Figure 6 shows the final results of G, which is expressed in MPa, for all the studied samples with different diameters. Using this method, the G value of the PTFE is close to the expected value^{[}^{9}^{,}^{23}^{]}. The linear ratio L/d = 10.64 provides the same torsion modulus value for samples with different diameters, considering the error. Actual properties may change due to processing method, compound type, extruded dimensions, and other variables. For these reasons, there is in the literature a much more extensive range of values for the tensile modulus (E) of PTFE, from 0.4 to 1.6 GPa^{[}^{9}^{,}^{23}^{,}^{35}^{]}, whereas the values of G are more rare to find in the literature. Even if we consider that the relation G = E/2(1+υ), only valid for isotropic solids, is within the elastic region and can be used to evaluate G, we must resort to a Poisson ratio. However, the Poisson ratio at small strains was found to differ in tension^{[}^{9}^{]} (~0.36) and compression^{[}^{23}^{]} (~0.46). Therefore, it was necessary to consider these two values of the Poisson ratio to compare with our values. Using the values of 0.36 and 0.46, the values evaluated for G are within the ranges that follow: 147 MPa < G < 588 MPa and 137 MPa < G < 548 MPa respectively. If we verify the obtained results (Figures 5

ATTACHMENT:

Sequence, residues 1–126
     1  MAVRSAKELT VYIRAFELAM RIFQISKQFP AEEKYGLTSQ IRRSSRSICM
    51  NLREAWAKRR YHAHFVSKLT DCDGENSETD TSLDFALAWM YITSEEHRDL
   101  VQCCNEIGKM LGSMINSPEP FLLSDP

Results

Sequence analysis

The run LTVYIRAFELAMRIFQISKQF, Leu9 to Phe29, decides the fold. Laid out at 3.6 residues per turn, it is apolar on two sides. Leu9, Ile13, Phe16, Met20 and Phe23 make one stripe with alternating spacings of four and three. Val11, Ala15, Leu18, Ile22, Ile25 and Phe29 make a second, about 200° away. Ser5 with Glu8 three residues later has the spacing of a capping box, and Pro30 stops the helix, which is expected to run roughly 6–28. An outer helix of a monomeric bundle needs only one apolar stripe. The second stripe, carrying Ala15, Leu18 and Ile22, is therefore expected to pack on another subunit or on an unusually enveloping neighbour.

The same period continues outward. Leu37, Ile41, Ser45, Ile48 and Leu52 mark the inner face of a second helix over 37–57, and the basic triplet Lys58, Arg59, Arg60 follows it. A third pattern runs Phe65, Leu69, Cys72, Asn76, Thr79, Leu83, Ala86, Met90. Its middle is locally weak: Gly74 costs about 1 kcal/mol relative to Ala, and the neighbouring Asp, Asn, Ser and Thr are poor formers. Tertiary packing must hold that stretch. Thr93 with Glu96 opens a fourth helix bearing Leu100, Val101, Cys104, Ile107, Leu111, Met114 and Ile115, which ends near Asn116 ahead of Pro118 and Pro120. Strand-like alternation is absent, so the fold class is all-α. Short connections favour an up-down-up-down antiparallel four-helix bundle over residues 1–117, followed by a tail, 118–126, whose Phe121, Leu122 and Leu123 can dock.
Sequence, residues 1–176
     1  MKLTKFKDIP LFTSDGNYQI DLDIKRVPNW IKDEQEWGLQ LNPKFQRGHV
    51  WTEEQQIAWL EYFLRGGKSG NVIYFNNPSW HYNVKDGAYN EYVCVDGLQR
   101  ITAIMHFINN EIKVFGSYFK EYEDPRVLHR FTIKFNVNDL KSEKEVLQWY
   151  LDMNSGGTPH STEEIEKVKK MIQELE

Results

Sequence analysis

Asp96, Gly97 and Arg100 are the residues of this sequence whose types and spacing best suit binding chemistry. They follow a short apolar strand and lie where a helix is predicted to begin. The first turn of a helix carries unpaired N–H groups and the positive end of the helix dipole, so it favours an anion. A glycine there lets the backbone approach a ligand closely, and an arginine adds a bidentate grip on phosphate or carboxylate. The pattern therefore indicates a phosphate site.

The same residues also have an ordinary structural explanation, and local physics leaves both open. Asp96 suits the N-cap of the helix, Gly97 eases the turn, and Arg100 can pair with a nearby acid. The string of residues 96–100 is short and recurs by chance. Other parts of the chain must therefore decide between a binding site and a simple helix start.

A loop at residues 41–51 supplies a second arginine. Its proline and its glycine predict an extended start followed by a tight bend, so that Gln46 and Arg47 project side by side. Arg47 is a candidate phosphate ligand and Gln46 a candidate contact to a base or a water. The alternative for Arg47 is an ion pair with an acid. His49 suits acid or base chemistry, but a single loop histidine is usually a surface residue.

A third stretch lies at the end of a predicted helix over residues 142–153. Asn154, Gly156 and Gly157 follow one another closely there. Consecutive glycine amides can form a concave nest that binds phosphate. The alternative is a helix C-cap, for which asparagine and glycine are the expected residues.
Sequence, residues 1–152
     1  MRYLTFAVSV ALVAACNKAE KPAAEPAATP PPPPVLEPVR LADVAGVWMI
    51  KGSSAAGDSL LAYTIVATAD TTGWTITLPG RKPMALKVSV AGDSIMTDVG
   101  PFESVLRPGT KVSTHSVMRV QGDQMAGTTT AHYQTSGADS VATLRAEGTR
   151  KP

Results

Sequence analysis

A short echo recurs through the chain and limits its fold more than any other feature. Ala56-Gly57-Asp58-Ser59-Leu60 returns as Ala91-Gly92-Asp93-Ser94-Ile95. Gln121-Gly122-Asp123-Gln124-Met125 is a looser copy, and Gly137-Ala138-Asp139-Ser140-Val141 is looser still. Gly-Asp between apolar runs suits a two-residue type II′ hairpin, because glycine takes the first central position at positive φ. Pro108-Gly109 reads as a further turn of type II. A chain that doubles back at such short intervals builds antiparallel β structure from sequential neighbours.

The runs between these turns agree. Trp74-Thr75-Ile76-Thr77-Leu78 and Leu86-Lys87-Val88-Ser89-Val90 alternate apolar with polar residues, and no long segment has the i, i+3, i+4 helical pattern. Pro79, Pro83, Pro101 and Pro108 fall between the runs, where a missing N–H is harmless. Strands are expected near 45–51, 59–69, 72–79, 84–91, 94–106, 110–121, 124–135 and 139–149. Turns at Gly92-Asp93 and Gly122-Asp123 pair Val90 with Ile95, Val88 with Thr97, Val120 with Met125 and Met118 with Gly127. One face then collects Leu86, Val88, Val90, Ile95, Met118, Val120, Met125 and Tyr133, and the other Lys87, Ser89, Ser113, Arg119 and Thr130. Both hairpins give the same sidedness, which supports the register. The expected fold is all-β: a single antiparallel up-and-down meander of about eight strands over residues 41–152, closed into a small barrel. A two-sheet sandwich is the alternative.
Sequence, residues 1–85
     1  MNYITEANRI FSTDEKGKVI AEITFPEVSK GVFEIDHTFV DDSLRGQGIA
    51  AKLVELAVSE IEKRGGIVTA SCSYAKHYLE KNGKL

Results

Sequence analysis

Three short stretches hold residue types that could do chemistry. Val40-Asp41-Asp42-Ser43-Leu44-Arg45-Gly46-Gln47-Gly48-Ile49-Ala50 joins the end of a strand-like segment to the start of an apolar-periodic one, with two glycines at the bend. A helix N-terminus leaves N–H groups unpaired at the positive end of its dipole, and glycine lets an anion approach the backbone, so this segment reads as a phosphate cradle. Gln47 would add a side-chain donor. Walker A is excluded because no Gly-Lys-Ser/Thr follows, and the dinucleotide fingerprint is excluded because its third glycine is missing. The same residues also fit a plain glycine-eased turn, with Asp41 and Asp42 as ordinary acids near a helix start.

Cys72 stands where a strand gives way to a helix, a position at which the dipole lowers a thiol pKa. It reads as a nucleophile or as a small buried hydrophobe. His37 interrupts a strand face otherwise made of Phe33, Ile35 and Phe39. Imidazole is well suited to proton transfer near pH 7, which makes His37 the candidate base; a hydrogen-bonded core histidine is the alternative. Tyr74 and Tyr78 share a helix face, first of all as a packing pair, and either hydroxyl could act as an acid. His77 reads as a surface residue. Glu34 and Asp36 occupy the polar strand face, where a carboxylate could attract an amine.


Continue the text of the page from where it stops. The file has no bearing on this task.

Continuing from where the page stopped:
or 6) by the method proposed in this article, independent of the distinct values of the Poisson coefficient, they are contained within these calculated intervals. Also, some authors^{[}^{37}^{-}^{39}^{]} report that depending on the applied strain for PTFE extrudates, the Poisson’s ratio could vary between −14 and 0. Therefore, the advantage of this technique lies in the fact that the Poisson’s ratio is not necessary. Taking advantage of the previous discussion, we verified that using the dynamic method^{[}^{12}^{]}, the values obtained for G are very close to those found with this technique. For samples with the diameters of 5.00, 6.50, and 8.00 mm used in this work, the following values were obtained: G = (352 ± 14) MPa, G = (354 ± 11) MPa, and G = (351 ± 9) MPa respectively. These values were obtained respecting the ratio L/d = 10.64. As it was not possible to perform the measurement with d_{4} = 10.85 mm, the dynamic method was limited to these three sample diameters. However, with the method applied in this article, it was possible to carry out the measurement of G for d_{4} = 10.85 mm. Further details of the dynamic method applied to polymers will be provided in the near future.